Eckhardt, Giana Mancuso. Symbolic Consumption in China: Product Meaning and the Interdependent Self. University of Minnesota, 2000.
Entering Mainland's Automobile Supply Chain: Opportunities for Auto Part and Related Industries. Hong Kong: Trade Development Council, 2004.
Gamble, Jos. Shanghai in Transition: Changing Perspectives and Social Contours of a Chinese Metropolis. New York: Routledge, 2003.
Greater PRD: Bridgehead to the China Market. Hong Kong: Trade Development Council, 2004.
Hewitt, Duncan. Getting Rich First: Life in a Changing China. London: Chatto & Windus, 2007.
Hockx, Michel and Julia C. Strauss. Culture in the Contemporary PRC. Cambridge: Cambridge University Press, 2001.
Hsu, Carolyn L. Creating Market Socialism: How Ordinary People Are Shaping Class and Status in China. Durham, NC: Duke University Press, 2007.
Hu, Angang. Economic and Social Transformation in China: Challenges and Opportunities. London: Routledge, 2007.
Kwan, Chui-yan. An Investigation on the Factors Affecting Young Chinese Consumers' Decision-Making Behaviour Towards Casual Wear Purchase. The Hong Kong Polytechnic University, 2006.
Lam, N. Mark and John L. Graham. China Now: Doing Business in the World's Most Dynamic Market. McGraw-Hill, 2007.
Latham, Kevin, Stuart Klein and Jakob Thompson. Consuming China: Approaches to Cultural Change in Contemporary China. London: Routledge, 2006.
Levenda, Peter. The Mao of Business: Guerrilla Marketing Techniques for the New China. New York: Continuum, 2007.
Li, Jingya. Business Casual Clothing Market in China. University of North Carolina at Greensboro, 2005.
Lin, I. Ling. Profit through Goodwill: Corporate Social Responsibility in China and Taiwan. University of Southern
Liping, Du. The Marketing of Traditional Medicines in China: The Case of Guangxi Province. Lewiston, NY: Edwin Mellen Press, 2005.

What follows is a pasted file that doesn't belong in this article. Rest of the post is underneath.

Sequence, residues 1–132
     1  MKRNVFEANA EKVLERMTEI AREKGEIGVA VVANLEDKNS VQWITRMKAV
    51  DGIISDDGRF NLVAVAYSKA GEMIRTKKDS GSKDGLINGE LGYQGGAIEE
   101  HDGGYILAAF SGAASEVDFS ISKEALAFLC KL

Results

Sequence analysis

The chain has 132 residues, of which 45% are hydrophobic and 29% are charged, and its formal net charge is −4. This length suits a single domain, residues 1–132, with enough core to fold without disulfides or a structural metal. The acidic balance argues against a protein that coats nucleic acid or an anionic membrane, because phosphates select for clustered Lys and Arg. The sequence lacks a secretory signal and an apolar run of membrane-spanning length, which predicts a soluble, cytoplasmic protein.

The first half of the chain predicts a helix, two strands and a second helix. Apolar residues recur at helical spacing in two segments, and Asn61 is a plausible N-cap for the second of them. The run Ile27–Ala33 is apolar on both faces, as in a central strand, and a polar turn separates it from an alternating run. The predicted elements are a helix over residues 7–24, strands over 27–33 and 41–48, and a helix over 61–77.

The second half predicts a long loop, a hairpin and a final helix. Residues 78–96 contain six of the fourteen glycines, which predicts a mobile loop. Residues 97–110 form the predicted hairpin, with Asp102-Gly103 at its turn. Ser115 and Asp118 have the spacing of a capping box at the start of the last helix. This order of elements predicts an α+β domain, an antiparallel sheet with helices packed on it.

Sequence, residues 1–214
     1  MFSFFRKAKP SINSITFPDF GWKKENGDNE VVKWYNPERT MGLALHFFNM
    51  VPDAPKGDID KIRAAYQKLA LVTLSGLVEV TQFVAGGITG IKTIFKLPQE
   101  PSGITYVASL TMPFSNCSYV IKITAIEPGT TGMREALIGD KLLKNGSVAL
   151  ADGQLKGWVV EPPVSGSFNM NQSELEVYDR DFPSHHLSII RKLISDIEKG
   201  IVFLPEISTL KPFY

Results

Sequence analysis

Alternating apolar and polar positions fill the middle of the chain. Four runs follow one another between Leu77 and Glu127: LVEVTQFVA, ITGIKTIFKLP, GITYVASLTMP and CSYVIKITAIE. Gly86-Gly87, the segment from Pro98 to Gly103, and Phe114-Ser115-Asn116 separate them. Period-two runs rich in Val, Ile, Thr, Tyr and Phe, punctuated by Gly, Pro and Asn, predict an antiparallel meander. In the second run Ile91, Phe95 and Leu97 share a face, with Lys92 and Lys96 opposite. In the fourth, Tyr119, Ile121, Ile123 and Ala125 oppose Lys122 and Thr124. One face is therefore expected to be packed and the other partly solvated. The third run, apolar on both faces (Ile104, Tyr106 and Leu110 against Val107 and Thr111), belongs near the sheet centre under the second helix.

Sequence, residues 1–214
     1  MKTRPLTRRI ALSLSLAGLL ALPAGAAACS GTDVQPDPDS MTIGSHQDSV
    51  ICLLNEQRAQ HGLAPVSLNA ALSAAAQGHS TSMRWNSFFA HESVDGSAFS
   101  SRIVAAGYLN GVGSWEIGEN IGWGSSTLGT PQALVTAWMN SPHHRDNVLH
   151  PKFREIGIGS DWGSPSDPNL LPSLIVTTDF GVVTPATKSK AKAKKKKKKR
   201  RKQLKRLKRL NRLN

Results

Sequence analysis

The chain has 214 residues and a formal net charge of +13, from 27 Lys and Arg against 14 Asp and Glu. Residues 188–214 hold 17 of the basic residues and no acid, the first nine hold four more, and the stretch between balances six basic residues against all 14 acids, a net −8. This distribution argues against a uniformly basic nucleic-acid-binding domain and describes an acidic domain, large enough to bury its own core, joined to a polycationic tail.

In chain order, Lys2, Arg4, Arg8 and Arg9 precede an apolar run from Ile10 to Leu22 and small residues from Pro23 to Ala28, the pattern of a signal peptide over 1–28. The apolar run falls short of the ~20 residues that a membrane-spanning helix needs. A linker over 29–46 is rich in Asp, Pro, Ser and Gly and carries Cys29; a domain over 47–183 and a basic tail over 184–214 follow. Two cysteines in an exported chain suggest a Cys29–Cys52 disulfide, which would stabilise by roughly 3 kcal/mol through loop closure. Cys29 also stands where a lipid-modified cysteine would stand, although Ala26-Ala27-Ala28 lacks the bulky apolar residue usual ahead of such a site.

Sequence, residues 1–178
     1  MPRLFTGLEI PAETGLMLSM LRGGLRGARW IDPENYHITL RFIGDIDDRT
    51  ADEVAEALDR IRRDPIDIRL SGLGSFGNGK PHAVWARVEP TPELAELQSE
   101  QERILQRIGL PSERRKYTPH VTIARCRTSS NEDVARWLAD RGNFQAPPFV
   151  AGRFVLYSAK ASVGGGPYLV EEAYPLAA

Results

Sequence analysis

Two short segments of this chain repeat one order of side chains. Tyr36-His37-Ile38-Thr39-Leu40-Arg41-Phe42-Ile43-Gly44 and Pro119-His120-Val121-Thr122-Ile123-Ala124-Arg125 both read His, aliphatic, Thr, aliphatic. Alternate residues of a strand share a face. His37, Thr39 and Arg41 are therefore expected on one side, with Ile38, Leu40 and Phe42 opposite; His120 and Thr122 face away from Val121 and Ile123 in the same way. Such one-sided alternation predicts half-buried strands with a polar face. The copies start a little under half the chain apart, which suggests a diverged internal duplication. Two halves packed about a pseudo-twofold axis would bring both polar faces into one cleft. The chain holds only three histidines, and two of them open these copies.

Luo, Jing. China Today: An Encyclopedia of Life in the People's Republic. Westport , CT: Greenwood Press, 2005.
Mathews, Gordon and Dale Lü. Consuming Hong Kong. Hong Kong: Hong Kong University Press, 2001.
New Generation of Mainland Consumers. Hong Kong: Trade Development Council, 2007.
Page , Nicholas Hines. Brand Equity of Professional Sports Franchises in Mainland China. California State University, Fullerton, 2005.
Practical Guide to Brand Promotion in China: How to Promote Your Brand? Hong Kong: Trade Development Council, 2005.
Practical Guide to Distribution in China: How to Launch Product Sales? Hong Kong: Trade Development Council, 2005.
Practical Guide to IPR Protection in China: How to Protect Your Brand? Hong Kong: Trade Development Council, 2005.
Shi, Anbin. A Comparative Approach to Redefining Chinese-Ness in the Era of Globalization. Lewiston, NY: Edwin Mellen Press, 2003.
Shiah, Jong-Shyan Summer. Critical Successful Factors for the Adoption of U.S. Customer Relationship Management Solutions in Chinese Markets: Exploratory Research in Taiwan and Shanghai. San Francisco, CA: Golden Gate University, 2005.
Skinner, G. William. Marketing and Social Structure in Rural China. Ann Arbor, MI: Association for Asian Studies, 2001.
Social Transformations in Chinese Societies Vol 1: The Official Annual of the Hong Kong Sociological Association. Boston: Brill, 2005.
Social Transformations in Chinese Societies Vol. 2: Sociology for Change. Boston: Brill, 2006.
To Have and Have Not: Wealth and Poverty in the New China. WNET: New York, 2003. [video]
Wei, Yinghong. Market Orientation and Successful New Product Innovation: The Role of Competency Traps. University of North Carolina at Chapel Hill, 2006.
Wu, Hao. Beijing or Bust. Princeton, NJ: Films for the Humanities & Sciences, 2005. [video]
Wu, Juanjuan. Chinese Perceptions of Western-Branded Denim Jeans: A Shanghai Case Study. University of Minnesota, 2005.
Xiao, Ge. The Chinese Consumers' Changing Value System, Consumption Values and Modern Consumption Behavior. Auburn University, 2005.